The Alfalfa Club, that indescribable very private stag organization, that meets annually for the sole purpose of eating, drinking and telling political jokes, Saturday night nominated Sen. Sam Nunn (D-Ga.) for president of the United States. He will run on the Alfalfa ticket.

His 500 or so nominators were an impressive crew, an array of faces often seen on the front pages -- Vice President George Bush as well as most of the Cabinet; the chairmen of some of the largest corporations in the country as well as many former household names.

So far only one Alfalfa nominee has ever made it to the White House -- Ronald Reagan. Nunn, however, was quite optimistic, according to sources, though the same sources were quick to note that Nunn's one-liners were of such high professional quality that perhaps the senator should consider a new career. "That guy should head for Vegas to do a show," said one ("don't use my name") dinner guest.

As usual, the 69th annual black-tie affair was OFF THE RECORD. Even the sight of a reporter and photographer at the Capital Hilton made guests, some wearing Alfalfa medallions and others wearing patent-leather dinner shoes with little bows, visibly nervous.

However, several eyewitnesses offered to relate some of the remarks if quoted anonymously.

In his acceptance speech, Nunn:

* Said he planned on throwing a dinner for minorities and inviting Mike Wallace to be the caterer;

* Commended Treasury Secretary Donald Regan on being a "conscientious objector in the war on poverty";

* Asserted that former president Carter did to America what Sherman did to Atlanta;

* Praised Richard V. Allen for being the first American to beat the Japanese on a business deal.

The evening started out with cocktails, black limos, Secret Service and a big crowd in the hotel lobby. The biggest applause went to George Bush, Sen. Barry Goldwater (R-Ariz.), Douglas Fairbanks Jr. and Sen. Ted Kennedy (D-Mass.).

"Oh, he's just so-o-o handsome," sighed one woman of Kennedy. She described herself as a "little ol' gal from Oklahoma."

"He sure is," drawled her friend. "But look -- his hair is getting gray."

Secretary of State Alexander Haig arrived with a motorcade, and nearly as many Secret Service agents as Bush. Presidential aides Edwin Meese and Mike Deaver also were accompanied by agents.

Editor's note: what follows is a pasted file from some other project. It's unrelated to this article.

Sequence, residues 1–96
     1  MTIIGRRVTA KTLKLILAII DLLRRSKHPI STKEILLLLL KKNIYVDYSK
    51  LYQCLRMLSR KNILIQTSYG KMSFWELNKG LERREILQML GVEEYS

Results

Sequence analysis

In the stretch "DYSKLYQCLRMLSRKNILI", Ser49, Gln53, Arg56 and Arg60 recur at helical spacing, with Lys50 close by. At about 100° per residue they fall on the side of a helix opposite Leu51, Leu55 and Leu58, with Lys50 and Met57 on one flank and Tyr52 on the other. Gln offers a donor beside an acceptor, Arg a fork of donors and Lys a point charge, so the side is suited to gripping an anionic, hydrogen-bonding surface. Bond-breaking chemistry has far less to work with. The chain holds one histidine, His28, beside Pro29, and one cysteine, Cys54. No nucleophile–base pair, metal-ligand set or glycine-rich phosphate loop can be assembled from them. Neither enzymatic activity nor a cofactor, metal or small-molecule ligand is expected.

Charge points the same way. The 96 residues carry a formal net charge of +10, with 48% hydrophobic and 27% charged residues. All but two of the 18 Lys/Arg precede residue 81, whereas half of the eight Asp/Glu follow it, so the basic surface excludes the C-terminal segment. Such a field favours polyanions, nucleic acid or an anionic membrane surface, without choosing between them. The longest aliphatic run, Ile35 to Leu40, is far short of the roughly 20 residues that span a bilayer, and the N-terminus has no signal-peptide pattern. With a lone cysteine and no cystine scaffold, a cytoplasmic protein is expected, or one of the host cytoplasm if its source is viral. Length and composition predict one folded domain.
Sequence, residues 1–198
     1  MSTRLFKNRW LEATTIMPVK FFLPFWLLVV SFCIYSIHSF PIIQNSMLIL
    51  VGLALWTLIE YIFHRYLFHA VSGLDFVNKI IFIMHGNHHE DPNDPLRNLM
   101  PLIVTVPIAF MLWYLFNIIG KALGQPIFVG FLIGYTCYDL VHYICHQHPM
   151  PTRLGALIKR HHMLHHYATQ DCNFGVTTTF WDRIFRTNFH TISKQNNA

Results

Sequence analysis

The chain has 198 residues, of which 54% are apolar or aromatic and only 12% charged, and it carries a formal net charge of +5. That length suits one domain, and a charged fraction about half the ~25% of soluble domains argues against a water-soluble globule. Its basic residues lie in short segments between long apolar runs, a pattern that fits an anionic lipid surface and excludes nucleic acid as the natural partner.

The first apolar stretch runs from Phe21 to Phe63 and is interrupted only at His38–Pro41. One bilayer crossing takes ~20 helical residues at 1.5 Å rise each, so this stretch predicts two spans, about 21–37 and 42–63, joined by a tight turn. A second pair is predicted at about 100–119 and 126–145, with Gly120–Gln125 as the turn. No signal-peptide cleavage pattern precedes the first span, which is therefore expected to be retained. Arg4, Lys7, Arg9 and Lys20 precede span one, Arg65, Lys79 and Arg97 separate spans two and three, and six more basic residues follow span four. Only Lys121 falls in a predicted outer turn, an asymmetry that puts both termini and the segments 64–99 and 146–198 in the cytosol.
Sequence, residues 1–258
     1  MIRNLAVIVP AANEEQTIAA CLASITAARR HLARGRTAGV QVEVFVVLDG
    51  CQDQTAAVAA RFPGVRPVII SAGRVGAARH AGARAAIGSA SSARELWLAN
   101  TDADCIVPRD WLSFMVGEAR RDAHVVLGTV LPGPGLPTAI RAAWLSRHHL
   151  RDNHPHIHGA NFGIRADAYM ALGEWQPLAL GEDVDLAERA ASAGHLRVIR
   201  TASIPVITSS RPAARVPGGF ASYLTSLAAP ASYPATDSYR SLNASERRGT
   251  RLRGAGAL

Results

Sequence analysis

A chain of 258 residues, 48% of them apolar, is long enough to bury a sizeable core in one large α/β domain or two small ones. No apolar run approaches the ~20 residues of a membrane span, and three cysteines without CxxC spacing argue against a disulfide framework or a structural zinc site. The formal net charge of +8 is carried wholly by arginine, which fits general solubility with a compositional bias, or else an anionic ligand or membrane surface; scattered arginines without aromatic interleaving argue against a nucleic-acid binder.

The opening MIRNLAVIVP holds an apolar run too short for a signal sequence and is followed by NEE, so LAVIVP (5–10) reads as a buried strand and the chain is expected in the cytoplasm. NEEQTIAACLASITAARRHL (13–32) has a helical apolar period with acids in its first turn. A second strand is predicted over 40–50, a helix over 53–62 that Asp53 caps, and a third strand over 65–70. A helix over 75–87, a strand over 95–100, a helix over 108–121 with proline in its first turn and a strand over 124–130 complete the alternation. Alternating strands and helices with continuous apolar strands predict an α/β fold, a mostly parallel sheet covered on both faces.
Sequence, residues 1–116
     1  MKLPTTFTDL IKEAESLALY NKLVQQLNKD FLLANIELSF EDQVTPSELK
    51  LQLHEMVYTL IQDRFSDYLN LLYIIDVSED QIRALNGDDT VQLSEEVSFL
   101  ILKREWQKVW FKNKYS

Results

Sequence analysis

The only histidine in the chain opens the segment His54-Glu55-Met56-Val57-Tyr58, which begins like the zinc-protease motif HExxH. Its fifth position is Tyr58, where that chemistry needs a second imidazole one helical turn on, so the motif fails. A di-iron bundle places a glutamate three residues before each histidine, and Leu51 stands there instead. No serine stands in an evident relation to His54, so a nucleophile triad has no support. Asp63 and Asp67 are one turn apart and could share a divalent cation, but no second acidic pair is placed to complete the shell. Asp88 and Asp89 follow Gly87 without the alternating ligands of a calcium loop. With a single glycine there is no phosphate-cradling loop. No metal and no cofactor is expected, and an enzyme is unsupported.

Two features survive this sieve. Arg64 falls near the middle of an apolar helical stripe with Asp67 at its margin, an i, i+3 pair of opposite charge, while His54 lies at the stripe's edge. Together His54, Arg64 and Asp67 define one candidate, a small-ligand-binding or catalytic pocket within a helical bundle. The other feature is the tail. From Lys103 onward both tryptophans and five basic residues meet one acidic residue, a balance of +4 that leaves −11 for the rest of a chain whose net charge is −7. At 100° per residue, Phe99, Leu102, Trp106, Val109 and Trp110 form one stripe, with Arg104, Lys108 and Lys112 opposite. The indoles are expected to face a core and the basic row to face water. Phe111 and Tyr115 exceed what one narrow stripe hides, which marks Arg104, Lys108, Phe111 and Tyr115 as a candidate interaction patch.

Senate Majority Leader Howard Baker, a Republican, came with former HEW secretary Joe Califano, a Democrat. As incoming president of the club, Baker was asked to share his remarks with the press. "I just caaaan't," he drawled with firm resolve.

Outgoing president Henry Kissinger also refused to share his remarks, but, sources say, he was almost, but not quite, as funny as Nunn. "I would have preferred to read my memoirs," Kissinger was quoted as saying, "but the Hilton has this room booked for next Tuesday. I could shorten my book by one-third . . . by removing all the I's . . ."

Former defense secretary Donald Rumsfeld flew in from Chicago for the affair "to see some old friends."

"My wife goes to affairs where only women go," said former secretary of state Ed Muskie, "and I don't mind, so why not? Actually, she gives me hell."

The Alfalfa Club, started in 1913, always has 150 members. The only way someone new can join, says a member, is if "someone dies."

Last night, it was unclear who had died, but Robert Strauss, Treasury Secretary Regan, and House Minority Leader Robert H. Michel (R-Ill.) were invited to join the club.

Other members include former attorney general Griffin Bell; Sen. Lloyd Bentsen (D-Tex.); Chief Justice Warren Burger; Jay Rockefeller, governor of West Virginia; attorney Edward Bennett Williams; and FBI director William Webster.

Each member was allowed to bring two guests to the dinner, which consisted of lobster appetizer, filet mignon and baked Alaska. The wine flowed heavy. The Marine Band played on.